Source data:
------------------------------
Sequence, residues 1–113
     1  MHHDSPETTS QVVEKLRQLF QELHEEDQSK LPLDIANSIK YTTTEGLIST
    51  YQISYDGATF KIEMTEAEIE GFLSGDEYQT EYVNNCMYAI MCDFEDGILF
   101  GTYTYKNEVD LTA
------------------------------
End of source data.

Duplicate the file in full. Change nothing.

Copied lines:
Sequence, residues 1–113
     1  MHHDSPETTS QVVEKLRQLF QELHEEDQSK LPLDIANSIK YTTTEGLIST
    51  YQISYDGATF KIEMTEAEIE GFLSGDEYQT EYVNNCMYAI MCDFEDGILF
   101  GTYTYKNEVD LTA